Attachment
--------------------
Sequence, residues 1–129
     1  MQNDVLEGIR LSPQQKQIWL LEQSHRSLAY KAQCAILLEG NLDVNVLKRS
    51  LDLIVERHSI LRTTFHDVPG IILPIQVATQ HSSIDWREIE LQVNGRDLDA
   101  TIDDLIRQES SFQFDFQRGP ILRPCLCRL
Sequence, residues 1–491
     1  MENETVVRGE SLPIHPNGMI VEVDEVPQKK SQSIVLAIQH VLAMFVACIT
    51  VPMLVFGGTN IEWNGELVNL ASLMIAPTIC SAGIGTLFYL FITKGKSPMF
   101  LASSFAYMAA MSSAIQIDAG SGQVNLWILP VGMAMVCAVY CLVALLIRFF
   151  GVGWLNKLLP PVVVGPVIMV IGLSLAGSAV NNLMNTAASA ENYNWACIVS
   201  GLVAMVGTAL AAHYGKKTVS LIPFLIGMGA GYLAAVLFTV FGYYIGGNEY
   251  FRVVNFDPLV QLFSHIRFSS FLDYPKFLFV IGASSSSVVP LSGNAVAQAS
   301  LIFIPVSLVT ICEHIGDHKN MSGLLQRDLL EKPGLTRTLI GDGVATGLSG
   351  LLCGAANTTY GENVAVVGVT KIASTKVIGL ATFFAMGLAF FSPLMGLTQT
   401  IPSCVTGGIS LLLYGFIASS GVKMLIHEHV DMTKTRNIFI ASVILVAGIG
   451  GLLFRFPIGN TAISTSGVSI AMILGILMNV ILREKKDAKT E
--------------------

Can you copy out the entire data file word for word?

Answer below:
Sequence, residues 1–129
     1  MQNDVLEGIR LSPQQKQIWL LEQSHRSLAY KAQCAILLEG NLDVNVLKRS
    51  LDLIVERHSI LRTTFHDVPG IILPIQVATQ HSSIDWREIE LQVNGRDLDA
   101  TIDDLIRQES SFQFDFQRGP ILRPCLCRL
Sequence, residues 1–491
     1  MENETVVRGE SLPIHPNGMI VEVDEVPQKK SQSIVLAIQH VLAMFVACIT
    51  VPMLVFGGTN IEWNGELVNL ASLMIAPTIC SAGIGTLFYL FITKGKSPMF
   101  LASSFAYMAA MSSAIQIDAG SGQVNLWILP VGMAMVCAVY CLVALLIRFF
   151  GVGWLNKLLP PVVVGPVIMV IGLSLAGSAV NNLMNTAASA ENYNWACIVS
   201  GLVAMVGTAL AAHYGKKTVS LIPFLIGMGA GYLAAVLFTV FGYYIGGNEY
   251  FRVVNFDPLV QLFSHIRFSS FLDYPKFLFV IGASSSSVVP LSGNAVAQAS
   301  LIFIPVSLVT ICEHIGDHKN MSGLLQRDLL EKPGLTRTLI GDGVATGLSG
   351  LLCGAANTTY GENVAVVGVT KIASTKVIGL ATFFAMGLAF FSPLMGLTQT
   401  IPSCVTGGIS LLLYGFIASS GVKMLIHEHV DMTKTRNIFI ASVILVAGIG
   451  GLLFRFPIGN TAISTSGVSI AMILGILMNV ILREKKDAKT E